Ever since architect Le Corbusier published his (now reprinted) musings, Aircraft, the architectural realm has endeavored to analyze its relationship to the flying machine, but this may prove more difficult to chart, as many works on the subject are internal documents that are not widely accessible.  For example, Ezra Stoller’s photographic study, The TWA Terminal, is a beautiful little record of this wonderful building (designed by Eero Saarinen) at New York’s John F. Kennedy International Airport, but it offers little of substance beyond Mark Lamster’s short introduction.  Still, historical surveys now exist.  They include John Zukowsky’s edited volume, Building for Air Travel: Architecture and Design for Commercial Aviation, which offers an excellent base to further investigate the richness of airport design.  A similar volume by Marcus Binney, Airport Builders, contains a helpful introduction, but its contributions amount to architectural description with limited social analysis.

The sad paradox of airports is that they have become forbidding fortresses, quite unlike the ones imagined at midcentury.  Yet their situation and evolution have inspired several works of note because airports are liminal spaces where unique human interaction takes place, either during construction or during operation.  Janet Daly Bednarek’s survey, America’s Airports: Airfield Development, 1918-1947, offers a nice summary of the multiple groups designers had to contend with to start building an air infrastructure.  Alastair Gordon’s Naked Airport: A Cultural History of the World’s Most Revolutionary Structure, on the other hand, surveys the evolution of airports from shacks in fields to full towns with runways.  The narrative necessarily shrinks some of the evolution of such structures, but this can be recovered in Building for Air Travel (previously discussed).  In Airspaces, David Pascoe suggests that airports and the airspace in between are destinations in themselves irrelevant of the cities serviced.  Alain de Botton’s short narrative, A Week at the Airport: A Heathrow Diary, though very impressionistic, lends a poignant touch to the peculiarities of air travel.  In Life in the Air: Surviving the New Culture of Air Travel, Mark Gottdiener prefers the concept of intermediate space, but both note the subtle unpleasantness of these realms, whether it concerns boredom, overcrowding, or longing.  Editor Mark Salter, on the other hand, takes these matters into the present realm by looking at the vulnerabilities of present airports and the impersonal nature of the resulting fear in Politics at the Airport.  Such challenges and the stresses of air travel are far from unique.  Rather, they are one of many hurdles societies overcome to accommodate this method of transportation.  Other fields, notably design and advertising, also help with such adjustments.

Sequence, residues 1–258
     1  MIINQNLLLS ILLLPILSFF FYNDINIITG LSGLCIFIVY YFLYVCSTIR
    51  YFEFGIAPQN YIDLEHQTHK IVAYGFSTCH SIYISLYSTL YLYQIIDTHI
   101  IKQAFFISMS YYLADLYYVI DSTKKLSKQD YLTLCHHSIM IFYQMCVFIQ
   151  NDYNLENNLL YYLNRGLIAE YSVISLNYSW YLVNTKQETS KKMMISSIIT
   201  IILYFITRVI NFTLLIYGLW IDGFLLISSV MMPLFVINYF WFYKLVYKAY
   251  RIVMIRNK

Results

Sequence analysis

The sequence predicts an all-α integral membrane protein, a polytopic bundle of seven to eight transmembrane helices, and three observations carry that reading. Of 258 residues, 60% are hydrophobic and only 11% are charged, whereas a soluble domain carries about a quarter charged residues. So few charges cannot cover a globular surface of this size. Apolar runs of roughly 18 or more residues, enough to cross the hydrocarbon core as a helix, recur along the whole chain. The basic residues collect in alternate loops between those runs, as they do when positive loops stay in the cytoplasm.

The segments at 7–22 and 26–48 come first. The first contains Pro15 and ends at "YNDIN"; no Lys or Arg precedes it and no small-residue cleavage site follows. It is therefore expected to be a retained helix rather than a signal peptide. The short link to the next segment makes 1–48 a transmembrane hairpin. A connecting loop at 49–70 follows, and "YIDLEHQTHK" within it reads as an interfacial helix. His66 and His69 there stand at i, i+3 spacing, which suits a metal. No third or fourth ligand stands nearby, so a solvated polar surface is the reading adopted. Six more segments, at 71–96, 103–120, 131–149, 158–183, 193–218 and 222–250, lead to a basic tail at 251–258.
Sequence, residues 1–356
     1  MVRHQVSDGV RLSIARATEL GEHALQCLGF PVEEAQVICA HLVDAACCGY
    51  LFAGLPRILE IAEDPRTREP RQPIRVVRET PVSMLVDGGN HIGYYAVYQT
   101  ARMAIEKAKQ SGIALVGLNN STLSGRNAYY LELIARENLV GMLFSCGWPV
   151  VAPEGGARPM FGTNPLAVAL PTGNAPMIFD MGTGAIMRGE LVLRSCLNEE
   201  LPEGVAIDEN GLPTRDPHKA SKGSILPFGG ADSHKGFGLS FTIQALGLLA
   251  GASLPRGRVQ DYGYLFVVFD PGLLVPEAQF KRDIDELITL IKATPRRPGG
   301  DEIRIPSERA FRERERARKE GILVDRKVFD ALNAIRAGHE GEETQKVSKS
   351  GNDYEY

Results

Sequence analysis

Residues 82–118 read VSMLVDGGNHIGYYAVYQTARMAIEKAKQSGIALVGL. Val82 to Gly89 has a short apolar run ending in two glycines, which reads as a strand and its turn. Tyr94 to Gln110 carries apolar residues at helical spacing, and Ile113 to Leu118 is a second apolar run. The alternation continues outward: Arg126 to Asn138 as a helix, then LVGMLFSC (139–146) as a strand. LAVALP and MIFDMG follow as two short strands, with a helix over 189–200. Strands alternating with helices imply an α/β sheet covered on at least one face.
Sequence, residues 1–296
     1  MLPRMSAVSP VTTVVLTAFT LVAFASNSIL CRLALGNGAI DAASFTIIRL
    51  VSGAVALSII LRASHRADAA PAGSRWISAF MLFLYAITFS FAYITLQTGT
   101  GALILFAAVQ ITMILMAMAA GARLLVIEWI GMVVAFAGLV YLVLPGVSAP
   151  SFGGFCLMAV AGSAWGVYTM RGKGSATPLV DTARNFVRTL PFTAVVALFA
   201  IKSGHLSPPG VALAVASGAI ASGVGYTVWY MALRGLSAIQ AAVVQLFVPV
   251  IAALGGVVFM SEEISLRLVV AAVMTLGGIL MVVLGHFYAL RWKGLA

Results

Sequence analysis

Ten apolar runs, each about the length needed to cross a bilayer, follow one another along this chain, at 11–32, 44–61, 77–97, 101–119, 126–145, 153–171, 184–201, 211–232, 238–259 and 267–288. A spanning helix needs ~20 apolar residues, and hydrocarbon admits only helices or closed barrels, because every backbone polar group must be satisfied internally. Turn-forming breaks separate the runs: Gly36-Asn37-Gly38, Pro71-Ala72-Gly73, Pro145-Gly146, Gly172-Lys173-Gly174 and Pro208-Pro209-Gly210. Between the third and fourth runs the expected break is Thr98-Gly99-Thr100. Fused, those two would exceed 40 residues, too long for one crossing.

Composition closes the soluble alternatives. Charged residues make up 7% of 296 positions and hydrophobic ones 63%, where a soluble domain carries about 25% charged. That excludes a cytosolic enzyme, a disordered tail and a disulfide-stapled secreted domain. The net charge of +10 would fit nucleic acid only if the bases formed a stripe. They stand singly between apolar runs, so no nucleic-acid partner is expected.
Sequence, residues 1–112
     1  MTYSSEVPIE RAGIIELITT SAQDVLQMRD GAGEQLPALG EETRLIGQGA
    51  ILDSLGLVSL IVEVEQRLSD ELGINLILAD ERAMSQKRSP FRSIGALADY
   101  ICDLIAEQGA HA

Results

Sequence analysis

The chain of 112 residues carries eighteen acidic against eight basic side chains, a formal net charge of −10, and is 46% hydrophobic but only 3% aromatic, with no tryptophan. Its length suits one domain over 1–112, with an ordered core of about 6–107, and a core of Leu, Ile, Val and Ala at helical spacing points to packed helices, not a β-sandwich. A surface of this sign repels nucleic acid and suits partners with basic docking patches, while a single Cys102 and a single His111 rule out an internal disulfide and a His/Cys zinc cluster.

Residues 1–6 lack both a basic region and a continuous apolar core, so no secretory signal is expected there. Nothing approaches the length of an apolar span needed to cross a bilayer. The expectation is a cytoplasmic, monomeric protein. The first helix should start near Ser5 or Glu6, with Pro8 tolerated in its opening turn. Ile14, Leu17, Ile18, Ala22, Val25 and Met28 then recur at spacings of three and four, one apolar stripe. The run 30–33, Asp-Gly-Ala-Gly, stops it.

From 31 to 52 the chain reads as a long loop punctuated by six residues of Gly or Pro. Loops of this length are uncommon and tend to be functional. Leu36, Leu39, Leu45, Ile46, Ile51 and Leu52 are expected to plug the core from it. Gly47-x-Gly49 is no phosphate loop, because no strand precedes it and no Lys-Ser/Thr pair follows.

[1] Franz Kafka, “Die Aeroplane in Brescia,” Bohemia, September 29, 1909.

Works Cited